Choosing a Content Delivery Method

Posted August 2009




Cache-based content distribution networks (CDNs) reach very large volumes of highly dispersed end users by duplicating centrally hosted video, audio and data content across the Internet. Geographically distributed cache servers reduce the proximity between user and content, thereby reducing latency and increasing the performance of real-time traffic.


Content owners wishing to widely distribute their content, but not in a position to build and manage a worldwide cache CDN themselves, have two primary sources for procuring cache-based CDN services:

1. a Network-based CDN provider that also offers WAN and Internet infrastructure/access connectivity services to end users, or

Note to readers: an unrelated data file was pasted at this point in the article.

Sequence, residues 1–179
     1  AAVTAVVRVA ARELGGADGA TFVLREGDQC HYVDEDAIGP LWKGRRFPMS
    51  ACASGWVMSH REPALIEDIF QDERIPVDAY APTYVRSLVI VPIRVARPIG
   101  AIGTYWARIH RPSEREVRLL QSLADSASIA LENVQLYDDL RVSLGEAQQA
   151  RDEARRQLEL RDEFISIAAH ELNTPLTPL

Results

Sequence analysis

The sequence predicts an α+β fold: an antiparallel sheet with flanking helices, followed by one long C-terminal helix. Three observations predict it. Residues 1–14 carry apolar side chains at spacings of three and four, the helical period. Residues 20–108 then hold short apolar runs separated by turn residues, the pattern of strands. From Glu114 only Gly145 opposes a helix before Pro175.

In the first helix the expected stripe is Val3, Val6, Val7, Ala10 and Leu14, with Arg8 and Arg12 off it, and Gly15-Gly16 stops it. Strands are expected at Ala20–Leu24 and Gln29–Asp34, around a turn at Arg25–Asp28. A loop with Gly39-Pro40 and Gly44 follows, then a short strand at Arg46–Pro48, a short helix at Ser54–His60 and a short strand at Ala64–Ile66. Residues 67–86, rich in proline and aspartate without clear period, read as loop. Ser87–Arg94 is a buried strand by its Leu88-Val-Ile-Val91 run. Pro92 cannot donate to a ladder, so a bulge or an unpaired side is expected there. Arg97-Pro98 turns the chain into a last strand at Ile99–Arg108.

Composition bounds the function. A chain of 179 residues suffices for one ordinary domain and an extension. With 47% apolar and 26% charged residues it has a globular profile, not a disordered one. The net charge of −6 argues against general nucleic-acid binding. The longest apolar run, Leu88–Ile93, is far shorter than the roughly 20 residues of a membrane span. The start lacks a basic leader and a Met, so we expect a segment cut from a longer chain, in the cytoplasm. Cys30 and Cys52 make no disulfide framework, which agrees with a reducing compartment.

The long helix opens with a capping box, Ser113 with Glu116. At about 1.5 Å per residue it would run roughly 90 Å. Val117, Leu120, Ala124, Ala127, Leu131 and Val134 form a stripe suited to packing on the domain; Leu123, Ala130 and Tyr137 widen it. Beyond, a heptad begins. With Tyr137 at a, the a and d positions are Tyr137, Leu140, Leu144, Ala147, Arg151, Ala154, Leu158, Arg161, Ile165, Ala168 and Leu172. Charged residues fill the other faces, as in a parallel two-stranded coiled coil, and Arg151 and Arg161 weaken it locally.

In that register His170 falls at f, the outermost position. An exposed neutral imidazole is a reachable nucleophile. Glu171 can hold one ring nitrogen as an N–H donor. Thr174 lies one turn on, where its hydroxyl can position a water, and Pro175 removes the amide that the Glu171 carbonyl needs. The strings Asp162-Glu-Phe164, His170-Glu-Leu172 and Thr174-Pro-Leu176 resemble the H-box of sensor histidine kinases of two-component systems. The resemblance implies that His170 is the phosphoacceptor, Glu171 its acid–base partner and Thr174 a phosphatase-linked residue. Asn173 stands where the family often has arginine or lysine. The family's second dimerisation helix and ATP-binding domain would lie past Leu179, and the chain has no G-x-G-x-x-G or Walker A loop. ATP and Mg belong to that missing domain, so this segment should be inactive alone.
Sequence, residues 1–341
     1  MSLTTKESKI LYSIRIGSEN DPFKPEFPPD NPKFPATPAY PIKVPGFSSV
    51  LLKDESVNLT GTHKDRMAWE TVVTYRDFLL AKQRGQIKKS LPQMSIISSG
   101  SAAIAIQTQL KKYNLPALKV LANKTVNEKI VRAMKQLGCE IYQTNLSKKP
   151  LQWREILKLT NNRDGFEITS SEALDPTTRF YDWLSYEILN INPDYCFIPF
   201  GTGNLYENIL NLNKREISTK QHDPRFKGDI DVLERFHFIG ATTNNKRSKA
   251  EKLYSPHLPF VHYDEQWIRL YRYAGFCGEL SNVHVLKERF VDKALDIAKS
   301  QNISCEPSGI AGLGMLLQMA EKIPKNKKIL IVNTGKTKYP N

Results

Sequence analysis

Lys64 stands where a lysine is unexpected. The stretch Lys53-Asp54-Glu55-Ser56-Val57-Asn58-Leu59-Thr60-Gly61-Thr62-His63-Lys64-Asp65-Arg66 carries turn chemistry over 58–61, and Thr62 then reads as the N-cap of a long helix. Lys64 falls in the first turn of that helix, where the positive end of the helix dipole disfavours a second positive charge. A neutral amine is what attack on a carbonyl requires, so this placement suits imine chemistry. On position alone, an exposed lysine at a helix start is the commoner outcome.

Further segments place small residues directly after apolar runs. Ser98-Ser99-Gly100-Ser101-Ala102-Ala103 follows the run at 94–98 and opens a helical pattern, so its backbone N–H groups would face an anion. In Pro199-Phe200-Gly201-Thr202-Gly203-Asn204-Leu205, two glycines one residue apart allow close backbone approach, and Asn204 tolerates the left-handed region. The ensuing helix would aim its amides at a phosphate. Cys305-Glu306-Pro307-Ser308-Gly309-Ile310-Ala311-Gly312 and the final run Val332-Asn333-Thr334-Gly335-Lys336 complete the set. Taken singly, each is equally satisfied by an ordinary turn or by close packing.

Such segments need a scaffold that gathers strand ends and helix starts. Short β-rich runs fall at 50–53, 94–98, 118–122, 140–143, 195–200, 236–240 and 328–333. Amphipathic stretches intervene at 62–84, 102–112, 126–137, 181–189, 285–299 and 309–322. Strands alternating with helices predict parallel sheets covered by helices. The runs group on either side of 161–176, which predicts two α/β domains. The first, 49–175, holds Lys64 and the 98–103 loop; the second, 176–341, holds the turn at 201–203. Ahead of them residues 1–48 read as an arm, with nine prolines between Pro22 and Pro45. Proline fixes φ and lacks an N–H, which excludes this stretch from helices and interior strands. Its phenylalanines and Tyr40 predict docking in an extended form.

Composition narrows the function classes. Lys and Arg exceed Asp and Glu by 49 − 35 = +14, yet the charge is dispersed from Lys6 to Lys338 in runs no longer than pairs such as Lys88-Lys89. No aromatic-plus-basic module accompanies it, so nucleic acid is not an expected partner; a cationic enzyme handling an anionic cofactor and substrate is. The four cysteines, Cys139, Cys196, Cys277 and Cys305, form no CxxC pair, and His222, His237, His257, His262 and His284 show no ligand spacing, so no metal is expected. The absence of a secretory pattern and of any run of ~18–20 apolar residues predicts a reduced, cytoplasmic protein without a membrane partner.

2. a CDN provider that installs and operates the CDN cache overlay to the network infrastructure.


As this paper discusses, there are distinct advantages of turning to a Network-based CDN provider, who is responsible for the basic routing, troubleshooting, operations and management of the network at Layers 1-3 in addition to providing the CDN services. By contrast, the CDN-only provider typically has no visibility into Layer 1-3 network conditions and thus has comparatively limited control over content delivery performance.



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